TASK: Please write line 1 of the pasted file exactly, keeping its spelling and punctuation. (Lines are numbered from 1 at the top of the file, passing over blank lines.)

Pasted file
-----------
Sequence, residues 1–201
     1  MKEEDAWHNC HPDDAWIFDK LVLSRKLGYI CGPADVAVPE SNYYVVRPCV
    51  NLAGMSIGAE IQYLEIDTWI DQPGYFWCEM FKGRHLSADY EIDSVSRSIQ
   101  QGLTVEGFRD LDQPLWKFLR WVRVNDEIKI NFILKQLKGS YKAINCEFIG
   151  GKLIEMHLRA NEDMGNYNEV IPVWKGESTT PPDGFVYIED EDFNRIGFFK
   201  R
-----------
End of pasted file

Sequence, residues 1–201